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pone-0114894-g002: Pedigree and electropherogram.(A) Index case is II.1. White round/squares indicate healthy status after clinical evaluation. Grey round/squares indicate LQTS after clinical evaluation. Plus sign indicates carrier of genetic variation. Minus sign indicates non-carrier of the genetic variation. (B) Electropherogram of the genetic variation identified (p.R20729G_TTN).

Mentions: We analyzed 55 genes previously associated with SCD (Table 1). After the NGS process and the application of bioinformatics pipeline, the call rate ranged from 99,6% to 98,92% at 20x and 100x respectively in this sample. We selected the Non Synonymous (NS) variants with a MAF<1% in the EVS for its conventional Sanger sequencing confirmation. Only one single nucleotide variant (SNV) was confirmed in the index case, the TTN gene (p.R20729G). This novel variant is consequence of a nucleotide change of A to G (c.62185A>G). The genetic variation was not previously identified in locus specific databases, considered therefore a novel GVUS. It was predicted in silico as pathogenic in all databases consulted. In addition, alignment between species showed a high level of conservation. However, family segregation showed that only the index case’s father carried the same genetic variation (Fig. 2).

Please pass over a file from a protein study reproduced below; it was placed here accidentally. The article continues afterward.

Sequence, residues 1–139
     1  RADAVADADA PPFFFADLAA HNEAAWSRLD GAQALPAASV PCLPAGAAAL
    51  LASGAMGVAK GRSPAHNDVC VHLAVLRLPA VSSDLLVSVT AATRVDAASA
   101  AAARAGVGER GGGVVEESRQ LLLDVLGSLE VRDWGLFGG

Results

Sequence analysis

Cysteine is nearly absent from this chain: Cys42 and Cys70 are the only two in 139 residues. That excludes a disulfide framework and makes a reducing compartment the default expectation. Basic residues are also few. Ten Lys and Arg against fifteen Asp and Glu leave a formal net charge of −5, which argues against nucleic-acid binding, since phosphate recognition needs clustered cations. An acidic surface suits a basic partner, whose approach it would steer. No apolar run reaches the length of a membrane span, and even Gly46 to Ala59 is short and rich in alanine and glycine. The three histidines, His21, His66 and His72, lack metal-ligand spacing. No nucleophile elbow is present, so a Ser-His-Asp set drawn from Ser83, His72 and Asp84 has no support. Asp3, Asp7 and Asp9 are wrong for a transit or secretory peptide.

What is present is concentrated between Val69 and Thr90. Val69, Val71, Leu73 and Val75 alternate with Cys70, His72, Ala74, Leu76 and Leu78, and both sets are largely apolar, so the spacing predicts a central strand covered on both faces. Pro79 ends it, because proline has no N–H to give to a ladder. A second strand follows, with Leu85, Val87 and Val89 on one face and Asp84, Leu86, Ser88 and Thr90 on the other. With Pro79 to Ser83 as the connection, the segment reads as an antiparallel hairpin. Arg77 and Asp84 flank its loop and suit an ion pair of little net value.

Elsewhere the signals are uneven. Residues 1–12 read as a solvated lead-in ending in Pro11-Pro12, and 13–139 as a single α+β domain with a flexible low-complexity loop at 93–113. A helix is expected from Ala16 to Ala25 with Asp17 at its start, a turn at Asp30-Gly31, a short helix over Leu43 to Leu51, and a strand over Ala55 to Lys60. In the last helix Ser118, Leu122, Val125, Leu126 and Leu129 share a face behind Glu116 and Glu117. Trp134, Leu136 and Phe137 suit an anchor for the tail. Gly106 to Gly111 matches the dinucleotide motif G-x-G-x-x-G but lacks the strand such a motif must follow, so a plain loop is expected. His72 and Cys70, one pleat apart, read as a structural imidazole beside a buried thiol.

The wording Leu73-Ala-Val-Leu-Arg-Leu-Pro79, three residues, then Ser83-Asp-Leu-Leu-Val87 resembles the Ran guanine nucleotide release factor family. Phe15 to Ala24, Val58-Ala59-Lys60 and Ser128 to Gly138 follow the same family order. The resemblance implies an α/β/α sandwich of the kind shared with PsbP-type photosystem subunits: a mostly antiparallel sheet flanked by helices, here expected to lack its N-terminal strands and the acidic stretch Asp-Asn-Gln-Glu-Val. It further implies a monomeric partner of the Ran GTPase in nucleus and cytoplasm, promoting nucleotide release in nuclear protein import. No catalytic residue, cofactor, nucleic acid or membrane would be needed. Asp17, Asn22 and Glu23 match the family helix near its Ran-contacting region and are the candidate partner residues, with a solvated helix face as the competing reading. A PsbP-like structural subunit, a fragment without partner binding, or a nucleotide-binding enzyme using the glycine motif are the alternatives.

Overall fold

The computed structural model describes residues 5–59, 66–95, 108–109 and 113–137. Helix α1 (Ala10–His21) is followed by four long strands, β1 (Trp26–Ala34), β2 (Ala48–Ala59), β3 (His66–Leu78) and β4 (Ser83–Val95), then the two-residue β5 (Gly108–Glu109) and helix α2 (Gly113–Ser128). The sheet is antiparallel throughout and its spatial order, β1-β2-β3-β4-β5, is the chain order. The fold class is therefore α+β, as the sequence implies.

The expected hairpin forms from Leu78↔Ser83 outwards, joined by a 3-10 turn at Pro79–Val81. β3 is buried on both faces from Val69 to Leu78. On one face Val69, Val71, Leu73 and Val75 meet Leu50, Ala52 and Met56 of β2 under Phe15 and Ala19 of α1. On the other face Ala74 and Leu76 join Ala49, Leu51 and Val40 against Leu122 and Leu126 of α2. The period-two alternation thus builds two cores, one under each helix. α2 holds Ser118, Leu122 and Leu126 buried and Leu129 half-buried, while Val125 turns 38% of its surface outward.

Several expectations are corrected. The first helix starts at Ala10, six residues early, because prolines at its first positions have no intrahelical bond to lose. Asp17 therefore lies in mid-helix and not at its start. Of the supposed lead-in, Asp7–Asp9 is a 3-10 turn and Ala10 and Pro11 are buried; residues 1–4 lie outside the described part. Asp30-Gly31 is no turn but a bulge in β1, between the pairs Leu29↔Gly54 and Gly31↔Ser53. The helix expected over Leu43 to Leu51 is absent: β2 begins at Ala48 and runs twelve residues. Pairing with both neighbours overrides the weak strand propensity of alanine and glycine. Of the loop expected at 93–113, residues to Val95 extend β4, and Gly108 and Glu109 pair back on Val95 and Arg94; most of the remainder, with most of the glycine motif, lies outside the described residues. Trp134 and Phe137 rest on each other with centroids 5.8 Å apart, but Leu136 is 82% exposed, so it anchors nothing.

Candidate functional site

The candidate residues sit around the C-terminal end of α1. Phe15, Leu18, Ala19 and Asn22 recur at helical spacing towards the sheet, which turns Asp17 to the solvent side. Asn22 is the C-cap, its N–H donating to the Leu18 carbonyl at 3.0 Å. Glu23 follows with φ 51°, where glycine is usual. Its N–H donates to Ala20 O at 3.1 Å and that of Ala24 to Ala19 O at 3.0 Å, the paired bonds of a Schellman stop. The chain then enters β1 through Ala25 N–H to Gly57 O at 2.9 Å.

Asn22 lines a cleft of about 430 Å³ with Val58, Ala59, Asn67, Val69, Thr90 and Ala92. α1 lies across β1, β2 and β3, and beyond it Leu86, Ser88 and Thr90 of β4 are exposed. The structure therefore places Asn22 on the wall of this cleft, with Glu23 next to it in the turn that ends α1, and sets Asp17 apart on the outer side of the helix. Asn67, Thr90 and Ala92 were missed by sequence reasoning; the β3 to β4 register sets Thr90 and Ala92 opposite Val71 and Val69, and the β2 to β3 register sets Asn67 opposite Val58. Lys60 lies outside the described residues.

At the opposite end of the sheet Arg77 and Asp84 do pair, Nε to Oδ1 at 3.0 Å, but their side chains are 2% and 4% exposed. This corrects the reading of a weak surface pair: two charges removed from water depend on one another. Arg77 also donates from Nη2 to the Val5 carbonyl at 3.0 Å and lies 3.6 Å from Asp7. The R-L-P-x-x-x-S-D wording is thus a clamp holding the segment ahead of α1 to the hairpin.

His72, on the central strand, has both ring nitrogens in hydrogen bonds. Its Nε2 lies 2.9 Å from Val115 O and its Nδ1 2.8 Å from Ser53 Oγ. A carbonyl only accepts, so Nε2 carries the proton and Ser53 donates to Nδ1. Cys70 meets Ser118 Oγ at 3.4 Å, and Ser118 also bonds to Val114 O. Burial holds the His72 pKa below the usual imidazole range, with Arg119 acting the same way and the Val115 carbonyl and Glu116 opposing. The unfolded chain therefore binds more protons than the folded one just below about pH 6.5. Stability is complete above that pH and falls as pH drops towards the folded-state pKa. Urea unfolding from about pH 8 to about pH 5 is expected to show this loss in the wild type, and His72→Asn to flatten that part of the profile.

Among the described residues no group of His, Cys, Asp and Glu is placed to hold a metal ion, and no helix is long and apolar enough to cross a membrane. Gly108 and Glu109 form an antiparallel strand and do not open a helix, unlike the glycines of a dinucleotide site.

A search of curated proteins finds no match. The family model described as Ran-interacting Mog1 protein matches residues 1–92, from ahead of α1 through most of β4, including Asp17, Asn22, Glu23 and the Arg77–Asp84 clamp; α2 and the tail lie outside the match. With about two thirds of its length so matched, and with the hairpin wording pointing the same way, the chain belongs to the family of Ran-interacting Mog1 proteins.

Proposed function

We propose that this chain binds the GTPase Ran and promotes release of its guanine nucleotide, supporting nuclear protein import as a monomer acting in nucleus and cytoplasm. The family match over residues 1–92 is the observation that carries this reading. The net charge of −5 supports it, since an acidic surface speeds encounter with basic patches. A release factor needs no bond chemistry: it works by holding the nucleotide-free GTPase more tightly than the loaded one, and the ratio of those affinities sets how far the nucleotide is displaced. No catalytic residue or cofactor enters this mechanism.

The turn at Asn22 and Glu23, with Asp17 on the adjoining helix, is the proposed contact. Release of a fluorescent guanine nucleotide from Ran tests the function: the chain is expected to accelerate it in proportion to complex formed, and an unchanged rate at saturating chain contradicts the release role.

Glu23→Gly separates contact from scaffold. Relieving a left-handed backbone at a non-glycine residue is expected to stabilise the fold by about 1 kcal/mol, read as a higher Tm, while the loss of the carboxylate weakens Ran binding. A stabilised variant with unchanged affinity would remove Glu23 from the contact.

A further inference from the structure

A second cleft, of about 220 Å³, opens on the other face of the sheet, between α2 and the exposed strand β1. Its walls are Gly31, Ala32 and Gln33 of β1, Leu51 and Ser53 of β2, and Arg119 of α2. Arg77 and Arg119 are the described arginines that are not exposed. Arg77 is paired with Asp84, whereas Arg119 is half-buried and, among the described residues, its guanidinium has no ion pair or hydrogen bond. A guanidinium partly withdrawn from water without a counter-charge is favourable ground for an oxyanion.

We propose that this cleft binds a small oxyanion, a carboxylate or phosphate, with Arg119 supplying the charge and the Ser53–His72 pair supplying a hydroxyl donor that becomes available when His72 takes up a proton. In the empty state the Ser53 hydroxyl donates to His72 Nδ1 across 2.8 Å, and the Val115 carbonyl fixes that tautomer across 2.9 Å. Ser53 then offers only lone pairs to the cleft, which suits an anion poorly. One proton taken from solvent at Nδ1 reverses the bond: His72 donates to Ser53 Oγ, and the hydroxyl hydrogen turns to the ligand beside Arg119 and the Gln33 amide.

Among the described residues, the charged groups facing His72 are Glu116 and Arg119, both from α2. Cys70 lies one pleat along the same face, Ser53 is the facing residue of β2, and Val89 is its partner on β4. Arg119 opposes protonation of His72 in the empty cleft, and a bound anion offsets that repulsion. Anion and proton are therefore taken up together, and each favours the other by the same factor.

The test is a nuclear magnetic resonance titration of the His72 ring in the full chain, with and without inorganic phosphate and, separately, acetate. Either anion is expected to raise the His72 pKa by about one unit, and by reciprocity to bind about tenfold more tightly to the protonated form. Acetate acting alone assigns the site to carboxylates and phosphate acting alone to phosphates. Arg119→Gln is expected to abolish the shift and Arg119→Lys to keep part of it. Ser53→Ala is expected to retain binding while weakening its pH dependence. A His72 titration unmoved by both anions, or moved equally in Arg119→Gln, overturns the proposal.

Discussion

Identification of Genetic Alterations, as Causative Genetic Defects in Long QT Syndrome, Using Next Generation Sequencing Technology.

Campuzano O, Sarquella-Brugada G, Mademont-Soler I, Allegue C, Cesar S, Ferrer-Costa C, Coll M, Mates J, Iglesias A, Brugada J, Brugada R - PLoS ONE (2014)

Pedigree and electropherogram.(A) Index case is II.1. White round/squares indicate healthy status after clinical evaluation. Grey round/squares indicate LQTS after clinical evaluation. Plus sign indicates carrier of genetic variation. Minus sign indicates non-carrier of the genetic variation. (B) Electropherogram of the genetic variation identified (p.R20729G_TTN).
© Copyright Policy
Related In: Results  -  Collection

License
Show All Figures
getmorefigures.php?uid=PMC4262446&req=5

pone-0114894-g002: Pedigree and electropherogram.(A) Index case is II.1. White round/squares indicate healthy status after clinical evaluation. Grey round/squares indicate LQTS after clinical evaluation. Plus sign indicates carrier of genetic variation. Minus sign indicates non-carrier of the genetic variation. (B) Electropherogram of the genetic variation identified (p.R20729G_TTN).